I can say in all honesty, that I probably enjoyed Jenga’s company more than almost any dog I have ever known, except for maybe, Taz, my first dog as an adult and my favorite dog ever. Jenga has a goofy quality about her that was sort of cartoonish….think Scooby Doo and his wildly scrambling legs. I also imagine that if she could speak, she would sound very Scooby-ish. Jenga is just one of those dogs who everyone who meets her, knows she is special. With her huge, square head, her long body and expressive eyes, she just wins everyone over. Every person that she came into contact while with us was enamored immediately. Her personality is just so likeable and enthusiastic that she is impossible not to like. This dog who, when I first met her, was not looking so great, and was super uncertain about everything, blossomed into a social butterfly who liked everyone she met and I think that knowing she was safe and loved with us is what made the difference. What a gift it is to be able to do that for an animal. For me, and I am pretty sure for Paul, too, it makes handing them over easier…knowing that we did the right thing by them. Healed them, fed them, trained them and loved them so that they were ready for a lifetime of happiness….and, that the pain and uncertainty of the past was where it belonged…in the past.
Having said that…the handing over part is not easy at all. I feel like I have a huge hole in my heart that, I guess, will only be filled by the next dog. And, there will be a next dog…just not until I get back from California in May. The fact that Paul asked me last night if I wanted to go in and pick a new foster says so much to me about our commitment and love for each other. Paul comes from a different culture, where animals are not valued as family members the way they are for so many of us here in the US, but, I think that volunteering at the shelter has caused him to look at this in a whole new way and I am so thankful for that. I think that nursing a sick animal back to health has been a gratifying to him as it is to me. I am so glad we are doing this together…and that I married someone who is willing to put up with all of this!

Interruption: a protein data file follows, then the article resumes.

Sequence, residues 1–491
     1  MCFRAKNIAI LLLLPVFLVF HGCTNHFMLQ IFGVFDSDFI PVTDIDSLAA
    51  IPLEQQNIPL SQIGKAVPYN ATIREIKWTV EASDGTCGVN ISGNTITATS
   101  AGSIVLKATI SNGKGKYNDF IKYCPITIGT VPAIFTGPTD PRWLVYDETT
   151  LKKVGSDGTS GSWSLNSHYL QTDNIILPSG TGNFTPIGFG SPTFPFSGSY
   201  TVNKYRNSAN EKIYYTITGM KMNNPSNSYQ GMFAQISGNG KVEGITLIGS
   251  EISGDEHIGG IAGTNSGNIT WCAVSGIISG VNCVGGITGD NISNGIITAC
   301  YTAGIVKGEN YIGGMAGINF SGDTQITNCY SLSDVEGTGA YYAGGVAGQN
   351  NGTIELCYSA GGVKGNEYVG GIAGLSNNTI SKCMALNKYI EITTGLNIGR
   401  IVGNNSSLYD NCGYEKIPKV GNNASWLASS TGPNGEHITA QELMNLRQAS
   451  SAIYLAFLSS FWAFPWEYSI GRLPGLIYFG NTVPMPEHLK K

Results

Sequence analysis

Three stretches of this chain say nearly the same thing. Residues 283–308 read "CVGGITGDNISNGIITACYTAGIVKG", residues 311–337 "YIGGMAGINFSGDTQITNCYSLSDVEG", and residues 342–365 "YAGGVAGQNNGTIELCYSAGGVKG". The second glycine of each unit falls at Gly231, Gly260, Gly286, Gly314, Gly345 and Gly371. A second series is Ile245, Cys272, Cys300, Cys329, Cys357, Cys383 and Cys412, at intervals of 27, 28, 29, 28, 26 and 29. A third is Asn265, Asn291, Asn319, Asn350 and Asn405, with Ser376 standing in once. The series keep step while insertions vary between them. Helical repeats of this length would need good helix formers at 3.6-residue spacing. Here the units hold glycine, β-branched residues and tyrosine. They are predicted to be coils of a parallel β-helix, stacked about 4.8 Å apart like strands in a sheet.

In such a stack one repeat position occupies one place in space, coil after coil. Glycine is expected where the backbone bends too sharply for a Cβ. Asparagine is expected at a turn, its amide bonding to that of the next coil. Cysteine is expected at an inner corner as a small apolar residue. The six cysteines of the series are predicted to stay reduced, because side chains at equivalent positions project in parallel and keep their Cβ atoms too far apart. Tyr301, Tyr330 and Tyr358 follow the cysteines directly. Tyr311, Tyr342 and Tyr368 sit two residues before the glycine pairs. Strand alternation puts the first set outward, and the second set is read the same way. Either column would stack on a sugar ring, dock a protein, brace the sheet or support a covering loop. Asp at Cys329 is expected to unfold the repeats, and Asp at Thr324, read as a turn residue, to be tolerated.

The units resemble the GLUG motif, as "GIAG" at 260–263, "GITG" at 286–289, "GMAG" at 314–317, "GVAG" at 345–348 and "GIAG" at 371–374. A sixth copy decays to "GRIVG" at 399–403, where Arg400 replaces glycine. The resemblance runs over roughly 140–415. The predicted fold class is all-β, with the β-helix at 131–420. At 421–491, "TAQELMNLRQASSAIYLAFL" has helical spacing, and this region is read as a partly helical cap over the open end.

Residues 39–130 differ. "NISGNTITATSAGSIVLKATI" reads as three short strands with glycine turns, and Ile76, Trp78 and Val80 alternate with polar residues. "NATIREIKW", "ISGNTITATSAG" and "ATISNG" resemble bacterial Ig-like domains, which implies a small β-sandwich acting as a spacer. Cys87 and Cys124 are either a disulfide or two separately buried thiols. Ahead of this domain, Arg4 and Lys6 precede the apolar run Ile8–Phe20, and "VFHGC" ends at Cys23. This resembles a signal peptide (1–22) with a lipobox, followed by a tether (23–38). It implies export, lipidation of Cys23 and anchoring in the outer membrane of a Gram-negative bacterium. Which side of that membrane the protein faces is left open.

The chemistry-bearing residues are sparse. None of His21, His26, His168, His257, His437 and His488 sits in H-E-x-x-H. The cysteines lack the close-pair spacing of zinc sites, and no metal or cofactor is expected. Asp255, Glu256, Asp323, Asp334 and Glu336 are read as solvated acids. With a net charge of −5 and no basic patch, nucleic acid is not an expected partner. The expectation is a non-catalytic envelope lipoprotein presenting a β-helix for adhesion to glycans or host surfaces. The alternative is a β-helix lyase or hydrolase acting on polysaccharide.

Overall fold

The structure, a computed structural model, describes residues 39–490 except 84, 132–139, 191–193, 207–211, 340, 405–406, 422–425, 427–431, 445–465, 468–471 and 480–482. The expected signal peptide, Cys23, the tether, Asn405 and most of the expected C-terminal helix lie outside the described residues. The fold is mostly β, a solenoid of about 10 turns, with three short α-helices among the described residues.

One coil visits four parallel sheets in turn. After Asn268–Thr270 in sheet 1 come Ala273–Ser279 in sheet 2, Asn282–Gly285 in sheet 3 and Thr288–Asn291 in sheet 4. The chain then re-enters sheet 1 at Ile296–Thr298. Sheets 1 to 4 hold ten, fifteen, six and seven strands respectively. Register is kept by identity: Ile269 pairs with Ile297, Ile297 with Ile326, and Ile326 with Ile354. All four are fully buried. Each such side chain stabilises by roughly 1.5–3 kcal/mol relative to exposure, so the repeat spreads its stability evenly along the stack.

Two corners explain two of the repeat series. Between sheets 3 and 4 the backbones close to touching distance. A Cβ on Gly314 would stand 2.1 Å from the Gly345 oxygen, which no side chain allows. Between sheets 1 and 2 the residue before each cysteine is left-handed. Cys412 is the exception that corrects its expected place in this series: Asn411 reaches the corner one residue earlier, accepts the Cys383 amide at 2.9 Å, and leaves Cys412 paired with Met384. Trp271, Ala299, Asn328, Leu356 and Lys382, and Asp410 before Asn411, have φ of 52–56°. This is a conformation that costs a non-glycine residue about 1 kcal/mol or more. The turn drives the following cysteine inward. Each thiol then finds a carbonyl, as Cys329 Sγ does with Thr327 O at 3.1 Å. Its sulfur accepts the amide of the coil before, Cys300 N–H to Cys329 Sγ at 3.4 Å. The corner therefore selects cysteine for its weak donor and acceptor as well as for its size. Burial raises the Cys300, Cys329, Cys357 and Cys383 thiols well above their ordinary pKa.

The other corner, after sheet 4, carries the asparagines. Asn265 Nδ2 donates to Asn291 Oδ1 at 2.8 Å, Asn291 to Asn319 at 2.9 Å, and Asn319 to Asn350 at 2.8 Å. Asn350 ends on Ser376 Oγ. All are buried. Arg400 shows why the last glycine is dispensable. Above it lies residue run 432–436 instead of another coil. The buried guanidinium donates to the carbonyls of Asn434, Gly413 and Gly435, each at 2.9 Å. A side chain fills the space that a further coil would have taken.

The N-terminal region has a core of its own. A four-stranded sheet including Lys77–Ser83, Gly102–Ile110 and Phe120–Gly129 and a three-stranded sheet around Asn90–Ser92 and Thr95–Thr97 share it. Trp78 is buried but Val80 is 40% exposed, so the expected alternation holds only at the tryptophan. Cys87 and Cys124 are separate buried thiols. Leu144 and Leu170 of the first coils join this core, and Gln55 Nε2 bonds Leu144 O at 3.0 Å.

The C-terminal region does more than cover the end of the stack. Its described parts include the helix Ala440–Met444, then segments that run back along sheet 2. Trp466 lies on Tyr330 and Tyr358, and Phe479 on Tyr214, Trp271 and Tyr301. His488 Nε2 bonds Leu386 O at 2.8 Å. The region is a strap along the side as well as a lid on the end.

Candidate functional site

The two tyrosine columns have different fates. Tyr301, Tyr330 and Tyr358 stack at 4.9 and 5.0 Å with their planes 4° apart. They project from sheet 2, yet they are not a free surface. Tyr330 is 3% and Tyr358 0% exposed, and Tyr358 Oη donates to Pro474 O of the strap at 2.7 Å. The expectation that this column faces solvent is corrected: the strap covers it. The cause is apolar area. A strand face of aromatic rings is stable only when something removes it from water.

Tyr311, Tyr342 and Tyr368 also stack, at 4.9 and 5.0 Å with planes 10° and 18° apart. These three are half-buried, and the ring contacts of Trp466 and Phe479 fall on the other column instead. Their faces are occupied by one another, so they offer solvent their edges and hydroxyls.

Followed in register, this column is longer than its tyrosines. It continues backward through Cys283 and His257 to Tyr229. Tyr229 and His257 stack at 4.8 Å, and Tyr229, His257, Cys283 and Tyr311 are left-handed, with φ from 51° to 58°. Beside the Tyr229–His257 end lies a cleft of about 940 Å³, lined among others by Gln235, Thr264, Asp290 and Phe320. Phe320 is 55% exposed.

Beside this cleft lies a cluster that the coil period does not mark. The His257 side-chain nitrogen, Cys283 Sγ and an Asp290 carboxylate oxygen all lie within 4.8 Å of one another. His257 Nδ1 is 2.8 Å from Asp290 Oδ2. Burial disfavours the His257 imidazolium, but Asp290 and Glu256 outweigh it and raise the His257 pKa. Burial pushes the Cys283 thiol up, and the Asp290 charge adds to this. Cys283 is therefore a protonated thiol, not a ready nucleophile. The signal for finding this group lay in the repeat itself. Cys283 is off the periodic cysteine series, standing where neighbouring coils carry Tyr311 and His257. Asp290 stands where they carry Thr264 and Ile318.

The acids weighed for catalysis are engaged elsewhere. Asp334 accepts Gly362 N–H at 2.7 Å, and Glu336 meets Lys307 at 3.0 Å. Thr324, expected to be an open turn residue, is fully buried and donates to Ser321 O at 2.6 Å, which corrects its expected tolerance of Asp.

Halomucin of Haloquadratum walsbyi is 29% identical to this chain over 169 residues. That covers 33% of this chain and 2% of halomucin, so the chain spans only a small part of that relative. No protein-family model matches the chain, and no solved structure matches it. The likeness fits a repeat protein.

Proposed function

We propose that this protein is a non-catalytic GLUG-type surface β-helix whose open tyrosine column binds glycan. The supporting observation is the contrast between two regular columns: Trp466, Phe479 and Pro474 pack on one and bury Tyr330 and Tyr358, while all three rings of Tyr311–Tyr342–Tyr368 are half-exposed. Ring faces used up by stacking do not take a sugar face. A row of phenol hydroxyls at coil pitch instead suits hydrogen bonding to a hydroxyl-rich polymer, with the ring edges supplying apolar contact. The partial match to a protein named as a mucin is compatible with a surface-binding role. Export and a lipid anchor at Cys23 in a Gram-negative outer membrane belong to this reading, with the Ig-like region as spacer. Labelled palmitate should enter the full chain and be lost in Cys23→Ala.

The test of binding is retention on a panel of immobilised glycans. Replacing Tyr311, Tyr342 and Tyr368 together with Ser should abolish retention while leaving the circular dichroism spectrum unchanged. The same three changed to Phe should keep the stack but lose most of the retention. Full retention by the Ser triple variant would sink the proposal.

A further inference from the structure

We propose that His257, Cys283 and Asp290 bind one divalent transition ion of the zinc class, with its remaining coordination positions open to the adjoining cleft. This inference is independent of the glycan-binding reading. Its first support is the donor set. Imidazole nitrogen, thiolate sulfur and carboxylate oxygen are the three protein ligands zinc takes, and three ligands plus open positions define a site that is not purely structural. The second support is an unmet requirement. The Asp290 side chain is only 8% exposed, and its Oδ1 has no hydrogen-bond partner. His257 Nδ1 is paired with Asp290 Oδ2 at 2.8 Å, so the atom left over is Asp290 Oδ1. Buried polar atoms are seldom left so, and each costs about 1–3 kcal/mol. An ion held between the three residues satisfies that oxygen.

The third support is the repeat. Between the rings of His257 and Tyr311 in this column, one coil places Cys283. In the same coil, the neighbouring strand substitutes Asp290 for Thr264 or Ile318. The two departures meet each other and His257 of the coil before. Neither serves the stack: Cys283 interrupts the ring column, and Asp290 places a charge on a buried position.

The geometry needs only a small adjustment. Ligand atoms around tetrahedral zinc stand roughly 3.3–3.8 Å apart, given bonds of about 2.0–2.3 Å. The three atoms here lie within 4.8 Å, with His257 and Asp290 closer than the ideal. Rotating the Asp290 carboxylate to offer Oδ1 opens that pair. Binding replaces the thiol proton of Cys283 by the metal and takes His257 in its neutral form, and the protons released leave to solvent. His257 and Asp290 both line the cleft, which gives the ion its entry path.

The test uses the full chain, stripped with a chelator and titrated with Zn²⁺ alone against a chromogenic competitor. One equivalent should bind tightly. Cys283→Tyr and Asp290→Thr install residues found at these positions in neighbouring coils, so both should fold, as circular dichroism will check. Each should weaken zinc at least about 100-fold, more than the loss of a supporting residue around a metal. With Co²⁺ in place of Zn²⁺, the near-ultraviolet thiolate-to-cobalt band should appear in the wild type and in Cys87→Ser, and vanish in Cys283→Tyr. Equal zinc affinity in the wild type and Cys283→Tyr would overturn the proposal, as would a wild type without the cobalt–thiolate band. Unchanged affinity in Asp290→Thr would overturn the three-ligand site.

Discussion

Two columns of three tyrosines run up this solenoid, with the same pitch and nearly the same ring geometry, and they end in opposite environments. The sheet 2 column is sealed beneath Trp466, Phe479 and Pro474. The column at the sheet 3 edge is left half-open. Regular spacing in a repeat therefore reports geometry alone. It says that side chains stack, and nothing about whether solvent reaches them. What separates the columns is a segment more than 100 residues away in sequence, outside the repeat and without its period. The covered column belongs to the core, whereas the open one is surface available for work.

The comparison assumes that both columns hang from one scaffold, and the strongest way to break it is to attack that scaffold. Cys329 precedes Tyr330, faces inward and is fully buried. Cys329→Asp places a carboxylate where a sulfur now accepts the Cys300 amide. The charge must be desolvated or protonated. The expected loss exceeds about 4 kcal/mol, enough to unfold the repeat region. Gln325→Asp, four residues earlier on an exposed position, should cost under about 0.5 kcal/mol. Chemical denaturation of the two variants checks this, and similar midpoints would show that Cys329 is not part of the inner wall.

Jenga’s new family has promised to keep in touch, so I’m sure I will have updates. And, even though it won’t be for aboutย  a month…I’d be lying if I didn’t admit that the question “who’s next?” isn’t constantly running through my head. Fostering is far and away the best rollercoaster I have ever been on!
This is Jenga the first time I met her…at the end of January. I was struck right away by how sad she seemed. I fell in love with her immediately.

This is her a few days ago, after about a month and a half of living with us. Relaxed, happy and transfixed by giant bees!

And, this is Jenga last night, with her new mom and dad. Happy Gotcha Day, Samantha, Dave & Jenga ๐Ÿ™‚

In other news…Lovefourpaws is hosting the first big on-site adoption event of the year this coming weekend! Come down to ACCT and meet some great people, and find your new best friend! Save a life…you’ll like yourself better for it ๐Ÿ˜‰

My Birthday Wish.

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It’s funny how life changes. Sometimes the changes are subtle and sometimes they are dramatic. The gray hairs and the sun damage have been subtle…the emotional shift has been dramatic. A few years ago, if you asked me what I wanted for my birthday, I probably would have said something like a Coach purse or an iPad or some kind of fancy,expensive thing. Those kinds of things don’t even really enter my thinking anymore. My focus has shifted dramatically in the past year and most of that has to do with my father’s illness and passing. There is nothing like losing someone who helped shape who you are to cause you to examine that very thing and ask yourself the question: who am I?